### Random Forest-Theory

Random forest algorithm is a supervised algorithm. As you can guess from its name this algorithm creates a forest with number of trees. It operates by constructing multiple decision trees. The final decision is made based on the majority of the trees and is chosen by the random forest.

The method of combining trees is known as an ensemble method. Ensembling is nothing but a combination of weak learners (individual trees) to produce a strong learner.

Let’s understand ensemble with an example. Let’s suppose you want to watch movie but you have doubt in your mind regarding it’s reviews, so you have asked 10 people who have watched the movie, 8 of them said movie is fantastic and 2 of them said movie was not good. Since the majority is in favour, you decide to watch the movie. This is how we use ensemble techniques in our daily life too.

Random Forest can be used to solve regression and classification problems. In regression problems, the dependent variable is continuous. In classification problems, the dependent variable is categorical.

**Advantages and Disadvantages of Random Forest**

**Advantages are as follows:**

- It is used to solve both regression and classification problems.
- It can be also used to solve unsupervised ML problems.
- It can handle thousands of input variables without variable selection.
- It can be used as a feature selection tool using its variable importance plot.
- It takes care of missing data internally in an effective manner.

**Disadvantages are as follows:**

- This is a black-box model so Random Forest model is difficult to interpret.
- It can take longer than expected time to computer a large number of trees.

**How Random Forest works?**

#### Algorithm can be divided into two stages.

**Random forest creation.****Perform prediction from the created random forest classifier.**

**Random forest creation:**

**To create random forest we need to select following steps**

- Randomly select
**“k”**features from total**“m”**features, where**k << m.** - Among the
**“k”**features, calculate the node**“d”**using the best split point. - Split the node into
**child nodes**using the**best split**. - Repeat
**1 to 3**steps until**“L”**number of nodes has been reached. - Build forest by repeating steps
**1 to 4**for “**n**” number times to create**“n” number of trees**.

**Perform prediction from the created random forest classifier**

**To perform prediction we need to take following steps**

- Takes the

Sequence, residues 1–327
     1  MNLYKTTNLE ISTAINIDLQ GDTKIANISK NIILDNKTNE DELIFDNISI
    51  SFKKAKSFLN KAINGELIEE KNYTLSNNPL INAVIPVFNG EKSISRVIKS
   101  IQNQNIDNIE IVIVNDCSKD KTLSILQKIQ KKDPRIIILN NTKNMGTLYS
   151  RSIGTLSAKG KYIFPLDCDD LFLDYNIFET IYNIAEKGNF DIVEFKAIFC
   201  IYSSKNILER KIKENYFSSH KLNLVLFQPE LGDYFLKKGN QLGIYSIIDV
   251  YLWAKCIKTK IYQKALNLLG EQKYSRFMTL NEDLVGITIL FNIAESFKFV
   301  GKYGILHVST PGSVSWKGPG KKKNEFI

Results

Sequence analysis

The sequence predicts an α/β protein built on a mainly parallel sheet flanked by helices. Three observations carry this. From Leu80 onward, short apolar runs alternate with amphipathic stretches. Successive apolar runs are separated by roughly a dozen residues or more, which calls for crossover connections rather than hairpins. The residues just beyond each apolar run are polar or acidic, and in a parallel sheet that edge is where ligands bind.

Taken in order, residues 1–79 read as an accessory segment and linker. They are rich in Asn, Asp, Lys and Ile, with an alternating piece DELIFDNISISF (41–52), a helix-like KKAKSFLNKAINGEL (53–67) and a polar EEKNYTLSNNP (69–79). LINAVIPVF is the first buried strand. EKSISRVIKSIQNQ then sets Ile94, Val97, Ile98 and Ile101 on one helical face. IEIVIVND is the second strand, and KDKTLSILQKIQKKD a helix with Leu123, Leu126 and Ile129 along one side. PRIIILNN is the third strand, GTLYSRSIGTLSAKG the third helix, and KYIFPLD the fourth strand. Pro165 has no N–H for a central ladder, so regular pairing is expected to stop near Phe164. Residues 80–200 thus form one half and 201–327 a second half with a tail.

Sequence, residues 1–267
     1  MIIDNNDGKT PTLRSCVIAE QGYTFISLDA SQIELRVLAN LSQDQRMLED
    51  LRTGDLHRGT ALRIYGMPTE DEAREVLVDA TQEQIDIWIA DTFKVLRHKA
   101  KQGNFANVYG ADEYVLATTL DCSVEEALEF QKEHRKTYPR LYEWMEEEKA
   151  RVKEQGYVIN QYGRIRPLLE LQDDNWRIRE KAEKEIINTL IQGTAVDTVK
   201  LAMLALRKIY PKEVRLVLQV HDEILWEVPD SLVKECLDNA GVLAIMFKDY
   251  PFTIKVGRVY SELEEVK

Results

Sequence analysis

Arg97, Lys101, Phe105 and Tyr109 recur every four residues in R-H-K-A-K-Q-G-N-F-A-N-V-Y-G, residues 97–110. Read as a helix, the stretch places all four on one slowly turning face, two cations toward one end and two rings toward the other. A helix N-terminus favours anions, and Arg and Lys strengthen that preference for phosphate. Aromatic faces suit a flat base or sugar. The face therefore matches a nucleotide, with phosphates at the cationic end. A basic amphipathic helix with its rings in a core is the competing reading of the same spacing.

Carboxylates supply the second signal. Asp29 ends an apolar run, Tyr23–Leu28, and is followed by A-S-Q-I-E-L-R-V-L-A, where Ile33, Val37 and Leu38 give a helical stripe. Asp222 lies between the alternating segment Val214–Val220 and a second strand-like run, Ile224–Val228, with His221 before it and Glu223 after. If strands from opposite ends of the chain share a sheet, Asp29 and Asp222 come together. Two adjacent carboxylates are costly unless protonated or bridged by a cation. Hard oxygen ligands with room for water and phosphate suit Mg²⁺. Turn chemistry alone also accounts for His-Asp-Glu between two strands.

**test features**and use the rules of each randomly created decision tree to predict the outcomes and stores the predicted outcome (target) - Calculate the
**votes**for each predicted target. - Consider the
**high voted**predicted target as the**final prediction**from the random forest algorithm.

### Set the parameters for the random forest model:

Parameters = {‘bootstrap’: True,’min_samples_leaf’: 3, ‘n_estimators’: 50, ‘min_samples_split’: 10, ‘max_features’: ‘sqrt’,’max_depth’: 6,’max_leaf_nodes’: None}

### Hyperparameters Tuning of Random forest classifier:

**bootstrap** : boolean, optional (default=True)

**min_samples_leaf : int, float, optional (default=1)**

The minimum number of samples required to be at a leaf node:

- If int, then consider min_samples_leaf as the minimum number.
- If float, then min_samples_leaf is a percentage and ceil(min_samples_leaf * n_samples) are the minimum number of samples for each node.

**n_estimators : integer, optional (default=10):**

- The number of trees in the forest.

**min_samples_split** **: int, float,
optional (default=2)****:**

The minimum number of samples required to split an internal node:

- If int, then consider min_samples_split as the minimum number.
- If float, then min_samples_split is a percentage and ceil(min_samples_split * n_samples) are the minimum number of samples for each split.

**max_features : int, float, string or None, optional (default=”auto”):**

The number of features to consider when looking for the best split:

- If int, then consider max_features features at each split. -If float, then max_features is a percentage and int(max_features * n_features) features are considered at each split.
- If “auto”, then max_features=sqrt(n_features).
- If “sqrt”, then max_features=sqrt(n_features) (same as “auto”).
- If “log2”, then max_features=log2(n_features).
- If None, then max_features=n_features.

**max_depth : integer or None, optional (default=None):**

The maximum depth of the tree. If None, then nodes are expanded until all leaves are pure or until all leaves contain less than min_samples_split samples.

**max_leaf_nodes** : **int or None, optional (default=None):**

Grow trees with max_leaf_nodes in best-first fashion. Best nodes are defined as relative reduction in impurity. If None then unlimited number of leaf nodes.

**If you want to learn more about the rest of hyperparameters , check here**

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